In a recent interview with Fortune, Warren Buffett said there are only two things investors can do wrong when buying stocks:

"You can buy the wrong ones, and you can buy or sell them at the wrong time. And the truth is, you never need to sell them, basically." (emphasis added).

Whoa, easy there, Warren
At first glance, it seems that Buffett is recommending that we buy any stock and never sell it, but that can't be true. He did just sell all the shares of Ameriprise (NYSE:AMP) in the Berkshire Hathaway (NYSE:BRK-A) portfolio, after all, which it received as a result of a spin-off of American Express (NYSE:AXP) in 2006.

What Buffett is saying is that investors need to find the right stocks and be patient with them as they grow. In other words: Be an investor, not a trader.

Buffett practices what he preaches. Consider the length and performance of these holdings:


Year of Original


Washington Post (NYSE:WPO)



Coca-Cola (NYSE:KO)



American Express



Source: Berkshire Hathaway annual report. *As of 12/31/2007.

All three are thoroughly beating the S&P 500 over their respective time periods, and you know it had to be hard to stay patient in the rough times. You can be sure that more recent purchases, like General Electric (NYSE:GE) and UPS (NYSE:UPS), were made with a similar long-term perspective.

What this means for us
See, all too frequently individual investors try to outthink the market and capture short-term gains. Unfortunately, that's a flawed strategy for nonprofessionals. For one, we just don't have the time, motivation, or technology to compete with analysts in huge Wall Street firms. Moreover, when you factor in the added costs of taxes and commissions, it's easy to see that when it comes to trading stocks, individual investors have a lot working against us.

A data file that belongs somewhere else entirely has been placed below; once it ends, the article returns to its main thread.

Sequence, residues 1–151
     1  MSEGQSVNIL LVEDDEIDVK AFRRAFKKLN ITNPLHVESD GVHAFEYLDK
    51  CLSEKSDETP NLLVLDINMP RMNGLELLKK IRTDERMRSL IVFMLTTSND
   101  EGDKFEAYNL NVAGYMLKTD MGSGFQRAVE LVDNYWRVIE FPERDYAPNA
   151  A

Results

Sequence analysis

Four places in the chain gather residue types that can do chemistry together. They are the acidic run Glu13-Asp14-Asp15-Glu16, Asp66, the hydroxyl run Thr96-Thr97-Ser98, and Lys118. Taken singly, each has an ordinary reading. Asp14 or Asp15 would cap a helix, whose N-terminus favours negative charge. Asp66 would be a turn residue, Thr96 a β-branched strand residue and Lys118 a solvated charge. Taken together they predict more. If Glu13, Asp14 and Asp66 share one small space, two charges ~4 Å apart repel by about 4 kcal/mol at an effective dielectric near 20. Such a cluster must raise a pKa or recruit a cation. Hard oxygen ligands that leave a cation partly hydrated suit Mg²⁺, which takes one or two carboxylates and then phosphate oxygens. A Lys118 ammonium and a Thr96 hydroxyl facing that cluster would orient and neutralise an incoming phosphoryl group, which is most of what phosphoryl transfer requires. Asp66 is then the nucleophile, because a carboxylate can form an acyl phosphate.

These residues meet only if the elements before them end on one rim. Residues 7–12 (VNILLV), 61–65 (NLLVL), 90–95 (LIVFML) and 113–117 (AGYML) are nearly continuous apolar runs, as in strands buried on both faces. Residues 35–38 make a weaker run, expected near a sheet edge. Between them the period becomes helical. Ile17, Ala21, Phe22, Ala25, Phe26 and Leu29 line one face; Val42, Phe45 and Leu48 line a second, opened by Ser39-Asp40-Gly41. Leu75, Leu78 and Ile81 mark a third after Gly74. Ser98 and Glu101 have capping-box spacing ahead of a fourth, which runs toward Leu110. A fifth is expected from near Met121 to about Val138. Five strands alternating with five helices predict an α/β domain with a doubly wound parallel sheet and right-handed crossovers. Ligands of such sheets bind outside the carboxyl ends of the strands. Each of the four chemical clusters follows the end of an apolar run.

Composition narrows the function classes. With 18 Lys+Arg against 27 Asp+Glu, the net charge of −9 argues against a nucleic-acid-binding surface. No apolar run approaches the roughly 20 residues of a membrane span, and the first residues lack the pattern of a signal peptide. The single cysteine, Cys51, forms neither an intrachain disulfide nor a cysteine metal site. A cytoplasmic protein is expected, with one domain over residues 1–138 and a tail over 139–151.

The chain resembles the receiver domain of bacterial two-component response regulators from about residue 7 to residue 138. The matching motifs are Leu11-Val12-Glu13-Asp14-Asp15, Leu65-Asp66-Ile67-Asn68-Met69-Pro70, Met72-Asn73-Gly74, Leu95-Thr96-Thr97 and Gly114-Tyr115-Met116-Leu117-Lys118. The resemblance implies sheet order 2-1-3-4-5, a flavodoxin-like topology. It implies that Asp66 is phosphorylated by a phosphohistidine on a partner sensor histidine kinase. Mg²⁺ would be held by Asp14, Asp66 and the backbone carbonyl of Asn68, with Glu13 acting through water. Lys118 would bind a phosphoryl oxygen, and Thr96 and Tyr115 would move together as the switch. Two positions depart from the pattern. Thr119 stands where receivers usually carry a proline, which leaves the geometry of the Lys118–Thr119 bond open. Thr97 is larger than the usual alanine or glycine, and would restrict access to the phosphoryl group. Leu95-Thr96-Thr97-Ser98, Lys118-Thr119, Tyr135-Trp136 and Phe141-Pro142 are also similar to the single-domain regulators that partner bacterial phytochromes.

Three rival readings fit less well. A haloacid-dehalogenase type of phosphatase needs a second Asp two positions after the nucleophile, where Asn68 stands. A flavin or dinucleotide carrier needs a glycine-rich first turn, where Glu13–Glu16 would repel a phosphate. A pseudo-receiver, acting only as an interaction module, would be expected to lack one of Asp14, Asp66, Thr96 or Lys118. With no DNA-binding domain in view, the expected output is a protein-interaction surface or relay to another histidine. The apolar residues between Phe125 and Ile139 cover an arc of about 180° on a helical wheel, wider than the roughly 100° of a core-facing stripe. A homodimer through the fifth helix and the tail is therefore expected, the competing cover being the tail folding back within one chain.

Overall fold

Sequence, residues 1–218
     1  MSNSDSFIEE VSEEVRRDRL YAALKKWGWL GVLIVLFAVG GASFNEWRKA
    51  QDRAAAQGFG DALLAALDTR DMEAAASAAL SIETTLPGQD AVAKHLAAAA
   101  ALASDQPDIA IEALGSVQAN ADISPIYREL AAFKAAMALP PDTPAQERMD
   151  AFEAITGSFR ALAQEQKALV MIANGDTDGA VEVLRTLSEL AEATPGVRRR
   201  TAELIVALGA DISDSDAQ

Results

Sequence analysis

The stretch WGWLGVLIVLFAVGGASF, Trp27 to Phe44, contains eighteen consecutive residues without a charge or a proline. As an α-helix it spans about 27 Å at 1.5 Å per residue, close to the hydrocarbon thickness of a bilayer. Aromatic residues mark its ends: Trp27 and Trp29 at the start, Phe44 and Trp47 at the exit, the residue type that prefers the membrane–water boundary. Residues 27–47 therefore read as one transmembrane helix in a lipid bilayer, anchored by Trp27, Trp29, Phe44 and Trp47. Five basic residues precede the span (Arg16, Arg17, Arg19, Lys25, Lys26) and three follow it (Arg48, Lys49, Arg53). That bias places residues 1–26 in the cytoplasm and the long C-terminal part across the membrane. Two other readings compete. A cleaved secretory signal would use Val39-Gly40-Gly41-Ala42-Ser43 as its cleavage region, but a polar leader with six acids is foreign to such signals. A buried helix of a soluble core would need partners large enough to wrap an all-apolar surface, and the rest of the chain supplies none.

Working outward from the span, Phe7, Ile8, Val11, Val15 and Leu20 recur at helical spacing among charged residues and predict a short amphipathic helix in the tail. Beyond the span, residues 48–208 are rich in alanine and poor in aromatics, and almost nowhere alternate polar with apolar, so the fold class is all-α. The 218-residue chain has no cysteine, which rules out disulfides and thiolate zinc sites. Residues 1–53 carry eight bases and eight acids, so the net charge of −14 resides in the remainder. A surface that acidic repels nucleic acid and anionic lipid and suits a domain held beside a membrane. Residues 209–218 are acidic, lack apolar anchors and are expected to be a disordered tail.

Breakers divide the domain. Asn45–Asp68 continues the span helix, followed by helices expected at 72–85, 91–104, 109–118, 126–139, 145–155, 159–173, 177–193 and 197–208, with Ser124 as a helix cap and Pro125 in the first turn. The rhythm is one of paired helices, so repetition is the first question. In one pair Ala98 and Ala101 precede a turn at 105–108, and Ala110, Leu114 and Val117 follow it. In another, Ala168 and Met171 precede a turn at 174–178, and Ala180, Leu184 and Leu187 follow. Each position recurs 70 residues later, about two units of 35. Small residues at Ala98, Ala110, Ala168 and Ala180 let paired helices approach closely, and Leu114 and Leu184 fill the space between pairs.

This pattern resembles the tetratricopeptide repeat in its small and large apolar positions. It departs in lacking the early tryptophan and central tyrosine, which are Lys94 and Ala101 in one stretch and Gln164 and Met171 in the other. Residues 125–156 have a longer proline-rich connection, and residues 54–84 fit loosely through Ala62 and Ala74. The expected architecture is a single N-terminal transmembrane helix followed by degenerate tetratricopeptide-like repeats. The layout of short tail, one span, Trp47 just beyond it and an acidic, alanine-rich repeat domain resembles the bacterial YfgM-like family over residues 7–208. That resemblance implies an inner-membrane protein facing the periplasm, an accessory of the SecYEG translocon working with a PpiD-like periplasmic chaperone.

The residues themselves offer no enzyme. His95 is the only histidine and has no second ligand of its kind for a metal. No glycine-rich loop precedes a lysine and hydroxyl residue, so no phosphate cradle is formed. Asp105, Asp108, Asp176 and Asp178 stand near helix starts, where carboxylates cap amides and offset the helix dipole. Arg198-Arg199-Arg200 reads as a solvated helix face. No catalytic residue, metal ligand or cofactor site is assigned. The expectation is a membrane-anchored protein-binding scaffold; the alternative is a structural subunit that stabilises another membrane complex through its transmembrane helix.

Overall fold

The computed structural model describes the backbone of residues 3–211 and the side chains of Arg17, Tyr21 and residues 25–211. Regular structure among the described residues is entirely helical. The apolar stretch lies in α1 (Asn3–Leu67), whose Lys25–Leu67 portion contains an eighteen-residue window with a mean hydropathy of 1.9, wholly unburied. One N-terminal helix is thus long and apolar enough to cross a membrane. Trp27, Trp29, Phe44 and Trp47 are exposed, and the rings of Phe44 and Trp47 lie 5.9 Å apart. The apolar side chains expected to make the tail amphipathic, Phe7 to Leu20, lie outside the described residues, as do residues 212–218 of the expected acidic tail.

On the other hand, as Buffett implies, we do have advantages as investors. For one, we don't have to answer to anyone but ourselves; institutional money managers must constantly justify their holdings to investors. That forces them to think quarterly, and we can easily think in terms of years and decades.

The only thing left, then, is to find the stocks that are worth holding for the long run. For a little guidance on that front, take a page from Fool co-founders Tom and David Gardner, who have successfully spotted a number of good companies for their Motley Fool Stock Advisor service (their stock recommendations are outperforming the market by 42 percentage points since its inception in 2002).

Among other things, they look for stocks that are:

  • Built to last 100 years or more
  • Dominating growing industries
  • Helmed by committed and proven management teams
  • Governed by the highest corporate values
  • Increasing shareholder value consistently.

Here's a quick example: One of David's earliest successes was Marvel Entertainment, which he recommended in July 2002 on the heels of the company's success with the first Spider-Man movie. At the time, Marvel was unloved by the market, but was repaying its debt and seemed to be on the way to generating real GAAP profits. The rest, as they say, is history, and Marvel shares have since surged more than 800%.

But Marvel shares didn't follow a steady upward path. There were times when it dropped 20% or more, but that didn't change David's investment thesis. He bought the right stock at the right time and didn't sell.

If you'd like to see the other stocks Tom and David have recommended to Stock Advisor subscribers, take a free 30-day trial. Click here for all the info.

If he had his way, Todd Wenning would make every day Cake Day at the Fool. Sadly, his budget requests have been denied repeatedly. He does not own shares of any company mentioned. UPS is a Motley Fool Income Investor selection. Coca-Cola, Berkshire Hathaway, and American Express are Inside Value selections. Marvel and Berkshire Hathaway are Stock Advisor picks. The Fool owns shares of Berkshire Hathaway. The Fool's disclosure policy prefers Pizza Day.